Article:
• List advisors with whom you are acquainted.
  • Name Occupation
  • Do you know whether their firms have referred clients to your firm?

Build a Biographical Information Base

Find out whether your firm has a data base that captures marketing information. Also become familiar with its other data bases that can serve as marketing resources, particularly an automated conflicts of interest check system.

Create and build an information base of potential clients and referral sources; use it as a tool to assist you in maintaining contact with potential clients and referral sources. Collect information about their companies (and other business relationships) including: products/services, ownership, management team members, board of directors, the company's market share and competition, philosophy and culture, business goals, objectives, charitable organizations it supports, and so forth. In addition, obtain personal biographical information such as birthdays, children's names and ages, spouse, hobbies, boards, and civic organizations in which they are active. People are impressed when others remember personal interests they have shared; it demonstrates interest in the respective person and can go a long way toward creating the impression that you would also show interest in their legal matters.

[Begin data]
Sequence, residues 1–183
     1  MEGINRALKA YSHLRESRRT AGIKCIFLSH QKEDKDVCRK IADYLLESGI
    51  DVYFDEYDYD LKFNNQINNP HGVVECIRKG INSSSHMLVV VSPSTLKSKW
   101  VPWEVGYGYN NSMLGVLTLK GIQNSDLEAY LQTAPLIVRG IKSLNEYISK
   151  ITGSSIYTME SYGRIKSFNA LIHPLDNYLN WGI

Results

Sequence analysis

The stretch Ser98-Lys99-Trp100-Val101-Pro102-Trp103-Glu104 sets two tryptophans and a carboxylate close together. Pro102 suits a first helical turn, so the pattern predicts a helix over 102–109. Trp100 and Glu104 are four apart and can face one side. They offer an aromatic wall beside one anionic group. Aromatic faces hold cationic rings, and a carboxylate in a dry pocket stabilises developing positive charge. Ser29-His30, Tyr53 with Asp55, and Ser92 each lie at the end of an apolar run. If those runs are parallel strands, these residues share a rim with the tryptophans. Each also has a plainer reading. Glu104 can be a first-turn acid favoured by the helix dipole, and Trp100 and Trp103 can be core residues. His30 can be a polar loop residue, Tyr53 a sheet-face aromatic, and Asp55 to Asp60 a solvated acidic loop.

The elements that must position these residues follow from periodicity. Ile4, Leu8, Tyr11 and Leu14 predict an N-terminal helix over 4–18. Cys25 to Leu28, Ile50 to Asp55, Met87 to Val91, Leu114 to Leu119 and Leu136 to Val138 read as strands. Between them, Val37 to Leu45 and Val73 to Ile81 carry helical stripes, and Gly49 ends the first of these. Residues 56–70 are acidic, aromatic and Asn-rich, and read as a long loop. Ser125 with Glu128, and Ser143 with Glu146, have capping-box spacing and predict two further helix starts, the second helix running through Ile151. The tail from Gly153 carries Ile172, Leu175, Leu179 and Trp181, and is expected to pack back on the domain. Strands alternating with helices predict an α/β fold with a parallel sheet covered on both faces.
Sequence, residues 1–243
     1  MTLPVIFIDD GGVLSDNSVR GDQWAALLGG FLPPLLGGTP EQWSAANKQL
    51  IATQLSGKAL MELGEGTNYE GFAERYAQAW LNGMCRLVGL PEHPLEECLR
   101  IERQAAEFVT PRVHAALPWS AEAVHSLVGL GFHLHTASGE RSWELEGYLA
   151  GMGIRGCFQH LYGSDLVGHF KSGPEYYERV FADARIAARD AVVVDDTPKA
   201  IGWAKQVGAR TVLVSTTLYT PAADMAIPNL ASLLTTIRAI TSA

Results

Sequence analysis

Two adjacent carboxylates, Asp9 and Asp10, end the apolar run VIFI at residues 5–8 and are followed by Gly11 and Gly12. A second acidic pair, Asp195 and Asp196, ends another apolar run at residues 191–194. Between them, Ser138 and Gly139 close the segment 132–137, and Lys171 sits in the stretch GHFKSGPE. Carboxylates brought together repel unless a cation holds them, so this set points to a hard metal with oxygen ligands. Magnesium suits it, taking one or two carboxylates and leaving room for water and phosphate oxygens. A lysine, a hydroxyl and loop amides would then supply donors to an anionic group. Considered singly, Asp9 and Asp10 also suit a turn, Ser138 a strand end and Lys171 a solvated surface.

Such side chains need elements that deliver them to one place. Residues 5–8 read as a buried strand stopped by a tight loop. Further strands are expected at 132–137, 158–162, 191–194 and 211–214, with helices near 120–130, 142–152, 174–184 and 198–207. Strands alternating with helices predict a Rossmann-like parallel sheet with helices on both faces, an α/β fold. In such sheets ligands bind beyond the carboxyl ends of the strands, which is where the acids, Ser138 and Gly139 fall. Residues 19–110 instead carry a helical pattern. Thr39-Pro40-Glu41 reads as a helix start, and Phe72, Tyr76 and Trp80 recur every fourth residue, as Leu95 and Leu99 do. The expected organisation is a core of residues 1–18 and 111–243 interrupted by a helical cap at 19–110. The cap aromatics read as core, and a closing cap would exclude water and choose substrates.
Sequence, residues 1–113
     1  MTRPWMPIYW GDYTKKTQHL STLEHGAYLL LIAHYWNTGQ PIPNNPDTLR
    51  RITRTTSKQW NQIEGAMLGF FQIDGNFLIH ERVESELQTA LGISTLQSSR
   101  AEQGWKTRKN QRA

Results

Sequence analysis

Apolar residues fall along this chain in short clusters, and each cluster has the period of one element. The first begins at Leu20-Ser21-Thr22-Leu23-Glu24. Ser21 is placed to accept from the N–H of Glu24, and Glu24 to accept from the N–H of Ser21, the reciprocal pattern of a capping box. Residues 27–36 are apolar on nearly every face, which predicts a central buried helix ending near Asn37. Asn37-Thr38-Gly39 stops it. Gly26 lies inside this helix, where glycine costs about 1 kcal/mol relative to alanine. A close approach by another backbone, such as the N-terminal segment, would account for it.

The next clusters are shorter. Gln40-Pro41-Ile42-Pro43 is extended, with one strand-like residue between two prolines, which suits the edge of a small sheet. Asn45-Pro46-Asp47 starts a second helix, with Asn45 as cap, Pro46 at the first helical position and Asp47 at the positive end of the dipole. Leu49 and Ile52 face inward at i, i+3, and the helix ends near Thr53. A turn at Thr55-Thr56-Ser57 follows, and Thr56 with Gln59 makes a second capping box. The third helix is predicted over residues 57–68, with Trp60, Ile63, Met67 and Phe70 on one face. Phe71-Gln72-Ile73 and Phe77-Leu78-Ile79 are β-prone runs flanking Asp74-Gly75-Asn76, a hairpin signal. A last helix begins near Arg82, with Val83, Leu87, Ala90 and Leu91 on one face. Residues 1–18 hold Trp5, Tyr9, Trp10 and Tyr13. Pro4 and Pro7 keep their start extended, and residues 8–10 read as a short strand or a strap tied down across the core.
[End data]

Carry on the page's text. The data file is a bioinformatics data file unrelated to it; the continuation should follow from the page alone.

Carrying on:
Leverage Your Speeches or Articles